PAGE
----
African American History Month – reflection 7

A blessed remembrance of another who, in love, invited me to be more than I was and to become who I was meant to be.

Janice Marie RobinsonThe Reverend Janice Marie Robinson (1943-2012). Friend and fellow priest. Sister and soulmate.

In the fall of 1988, I, the newly-called rector of Trinity Episcopal Church, arrived in Washington, DC. Janice, having spent years in the fruitful fields of nursing, therapy, and health care administration, followed a call to her new vocation of ordination. Meeting at an annual conference for new clergy in the area, how could we have known that would be the beginning of our love story?

I don’t know how or why Janice, a Philadelphia born, New York City bred woman of tender heart and tough mettle, and I, a native of more provincial St. Louis, bonded as friends, and, with the speed of the Marcan gospel’s characteristic action-narrative word, immediately. But we did. Within nearly the next instant, we recognized our kinship. We, siblings born to different earthly families, were united by our baptism in Christ and ordination in the church, but also by an equally sacred, inarticulable soul-deep fellowship, even spirit-ship.

We were June-babies; our natal anniversaries two days apart. Geminis. Twins to each other and unto ourselves. Each of us, publicly gregarious and deeply private and guarded. The restlessness of our hearts disclosed through our spoken words, but also intuitively conveyed and perceived one with another through a nod, a look, a gesture.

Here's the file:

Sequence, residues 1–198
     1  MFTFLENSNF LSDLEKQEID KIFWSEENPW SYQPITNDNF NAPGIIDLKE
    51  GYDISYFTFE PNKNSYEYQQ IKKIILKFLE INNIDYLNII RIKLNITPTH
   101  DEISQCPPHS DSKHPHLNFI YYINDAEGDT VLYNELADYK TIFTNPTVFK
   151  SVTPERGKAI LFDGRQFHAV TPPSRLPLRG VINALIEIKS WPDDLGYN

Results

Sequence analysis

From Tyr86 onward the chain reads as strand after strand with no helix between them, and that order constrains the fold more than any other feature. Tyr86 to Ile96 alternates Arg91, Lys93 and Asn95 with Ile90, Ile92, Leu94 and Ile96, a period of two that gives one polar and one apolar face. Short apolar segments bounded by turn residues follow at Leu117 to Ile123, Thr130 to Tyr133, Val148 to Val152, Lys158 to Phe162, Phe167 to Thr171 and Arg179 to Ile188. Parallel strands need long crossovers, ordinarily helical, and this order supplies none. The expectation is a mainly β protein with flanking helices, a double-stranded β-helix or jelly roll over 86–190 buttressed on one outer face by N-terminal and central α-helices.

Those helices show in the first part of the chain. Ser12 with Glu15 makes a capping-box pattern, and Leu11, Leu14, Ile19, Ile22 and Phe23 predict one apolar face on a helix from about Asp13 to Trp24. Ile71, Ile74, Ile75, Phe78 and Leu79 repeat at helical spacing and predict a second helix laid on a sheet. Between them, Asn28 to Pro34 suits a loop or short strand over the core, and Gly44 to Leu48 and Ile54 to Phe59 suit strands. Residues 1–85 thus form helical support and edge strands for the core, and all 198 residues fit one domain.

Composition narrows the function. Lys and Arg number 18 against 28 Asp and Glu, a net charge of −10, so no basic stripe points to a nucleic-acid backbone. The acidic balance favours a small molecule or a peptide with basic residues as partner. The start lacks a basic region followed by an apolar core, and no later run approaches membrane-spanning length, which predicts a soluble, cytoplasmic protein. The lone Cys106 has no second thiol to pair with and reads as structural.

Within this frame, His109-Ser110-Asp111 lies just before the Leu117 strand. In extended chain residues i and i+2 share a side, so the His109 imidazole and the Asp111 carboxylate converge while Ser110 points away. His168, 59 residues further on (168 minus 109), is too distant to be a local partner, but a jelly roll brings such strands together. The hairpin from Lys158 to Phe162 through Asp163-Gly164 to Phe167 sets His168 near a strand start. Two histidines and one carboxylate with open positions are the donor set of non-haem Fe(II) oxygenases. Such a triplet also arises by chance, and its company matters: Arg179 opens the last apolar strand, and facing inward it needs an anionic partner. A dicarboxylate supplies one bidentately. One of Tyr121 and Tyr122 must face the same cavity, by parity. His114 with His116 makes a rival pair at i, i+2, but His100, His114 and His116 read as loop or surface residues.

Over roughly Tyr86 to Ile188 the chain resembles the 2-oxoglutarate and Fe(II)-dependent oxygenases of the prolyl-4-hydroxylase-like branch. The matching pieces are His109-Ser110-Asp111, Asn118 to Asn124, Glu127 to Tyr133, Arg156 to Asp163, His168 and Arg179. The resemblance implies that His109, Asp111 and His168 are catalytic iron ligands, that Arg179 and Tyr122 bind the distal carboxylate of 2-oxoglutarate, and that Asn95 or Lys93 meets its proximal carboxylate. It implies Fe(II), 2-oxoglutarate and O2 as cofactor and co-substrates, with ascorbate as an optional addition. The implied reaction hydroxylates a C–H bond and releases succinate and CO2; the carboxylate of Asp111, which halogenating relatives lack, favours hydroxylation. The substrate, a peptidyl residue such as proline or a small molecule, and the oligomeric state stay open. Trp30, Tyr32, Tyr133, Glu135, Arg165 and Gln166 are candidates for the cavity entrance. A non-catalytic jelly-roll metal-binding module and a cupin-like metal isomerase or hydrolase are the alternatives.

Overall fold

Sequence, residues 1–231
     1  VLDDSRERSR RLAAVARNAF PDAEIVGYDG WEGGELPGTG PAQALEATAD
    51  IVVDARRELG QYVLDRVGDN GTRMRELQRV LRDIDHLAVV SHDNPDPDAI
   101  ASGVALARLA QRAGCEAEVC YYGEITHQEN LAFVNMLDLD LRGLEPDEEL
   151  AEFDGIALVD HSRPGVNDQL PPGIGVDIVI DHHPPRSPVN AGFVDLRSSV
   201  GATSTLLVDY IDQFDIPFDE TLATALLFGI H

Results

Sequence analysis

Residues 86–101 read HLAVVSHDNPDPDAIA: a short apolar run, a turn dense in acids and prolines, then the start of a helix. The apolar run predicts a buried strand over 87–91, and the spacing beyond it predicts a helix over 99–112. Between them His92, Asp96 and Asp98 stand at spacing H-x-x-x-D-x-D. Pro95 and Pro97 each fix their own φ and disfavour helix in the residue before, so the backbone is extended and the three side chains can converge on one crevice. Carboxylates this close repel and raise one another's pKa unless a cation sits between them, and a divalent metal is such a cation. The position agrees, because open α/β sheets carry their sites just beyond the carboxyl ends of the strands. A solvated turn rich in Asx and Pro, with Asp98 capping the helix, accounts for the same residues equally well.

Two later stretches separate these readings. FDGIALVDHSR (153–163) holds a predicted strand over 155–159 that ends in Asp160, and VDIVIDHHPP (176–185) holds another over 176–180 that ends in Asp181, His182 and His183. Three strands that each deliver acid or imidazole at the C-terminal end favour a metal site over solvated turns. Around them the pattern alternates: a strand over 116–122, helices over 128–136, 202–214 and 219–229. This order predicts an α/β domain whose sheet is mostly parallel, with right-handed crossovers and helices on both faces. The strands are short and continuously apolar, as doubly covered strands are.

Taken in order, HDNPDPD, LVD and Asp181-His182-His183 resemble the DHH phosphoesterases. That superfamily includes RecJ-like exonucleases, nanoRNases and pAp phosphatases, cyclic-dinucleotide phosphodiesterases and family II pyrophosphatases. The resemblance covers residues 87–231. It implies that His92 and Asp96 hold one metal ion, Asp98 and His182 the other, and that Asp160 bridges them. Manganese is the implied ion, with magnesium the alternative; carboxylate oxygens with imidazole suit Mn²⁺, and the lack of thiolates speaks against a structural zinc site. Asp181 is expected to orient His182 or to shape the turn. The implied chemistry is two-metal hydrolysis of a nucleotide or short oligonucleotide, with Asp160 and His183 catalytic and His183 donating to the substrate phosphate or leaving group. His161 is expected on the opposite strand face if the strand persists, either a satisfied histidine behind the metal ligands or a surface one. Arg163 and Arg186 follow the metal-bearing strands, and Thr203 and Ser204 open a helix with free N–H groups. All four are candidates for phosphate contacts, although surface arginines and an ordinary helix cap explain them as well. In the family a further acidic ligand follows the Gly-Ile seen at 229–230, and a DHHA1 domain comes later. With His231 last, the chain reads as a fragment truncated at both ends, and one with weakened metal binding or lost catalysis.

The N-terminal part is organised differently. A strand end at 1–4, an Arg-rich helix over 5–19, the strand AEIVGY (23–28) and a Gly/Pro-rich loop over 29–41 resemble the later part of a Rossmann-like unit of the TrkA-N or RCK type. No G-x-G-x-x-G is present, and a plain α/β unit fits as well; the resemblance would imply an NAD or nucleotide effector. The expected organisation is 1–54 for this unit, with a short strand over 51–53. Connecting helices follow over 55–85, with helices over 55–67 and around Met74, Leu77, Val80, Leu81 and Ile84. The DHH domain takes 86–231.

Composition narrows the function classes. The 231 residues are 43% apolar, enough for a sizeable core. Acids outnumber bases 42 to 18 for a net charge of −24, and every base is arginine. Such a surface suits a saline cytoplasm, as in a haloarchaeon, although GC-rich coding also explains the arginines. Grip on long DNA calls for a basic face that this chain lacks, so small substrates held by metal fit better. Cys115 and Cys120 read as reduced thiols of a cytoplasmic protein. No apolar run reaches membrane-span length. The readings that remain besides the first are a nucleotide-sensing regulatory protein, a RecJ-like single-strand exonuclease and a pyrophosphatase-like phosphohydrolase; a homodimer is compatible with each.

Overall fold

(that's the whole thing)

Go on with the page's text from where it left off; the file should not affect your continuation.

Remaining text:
Concerning that restlessness, though clergy we were, in the face of the reality of the resident iniquity in the world and in humankind, we oft wrestled to hold steadfast to the faith and hope in and love of a God of omnipotent benevolence. Theodicy was our shared Pauline “thorn in the flesh” for which we prayed release, yet through which we, as the Apostle, learned the sufficiency of divine grace. In that confidence Janice, between the two of us, was more faithful, hopeful, and loving. Always. Once, after one of my dispirited and wildly arrogant declarations of unbelief, she challenged me in her indescribably sympathetic, yet unmistakably persuasive way: “Paul, that’s b——t! You do believe! Admit it!” Yes, Janice, I did and I do.

Christianity is an incarnational religion; at its heart, the story of divine spirit enfleshed. A truth expressed in Pierre Teilhard de Chardin’s postulation of our ontology. We are not so much human beings in quest of spiritual experience, but spiritual beings immersed in human experience. This, I believe, is also the heart of the Christian gospel. Through the indwelling of God’s Spirit, one becomes, as Janice was for me, as Jesus is – an embodiment of God’s logos, a living word of timeless love and endless justice.

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2 thoughts on “African American History Month – reflection 7

  1. I smiled all through this one!! Not many people can call you out and get away with it!! The relationship between you and Janice was definitely one to behold. Kinship, Spiritship, all those words fit. Probably even some words fit that you haven’t even thought about even after her death. I’m glad that I not only got to meet Janice, but that I also got to experience the two of you in a room together!! An unforgettable event!! I can honestly say that Janice would be most proud of the person you’re becoming and that in retirement she’d remind you to have fun and enjoy it to the fullest. I’m sorry she didn’t get to enjoy her retirement longer. Thank you for sharing her with us.

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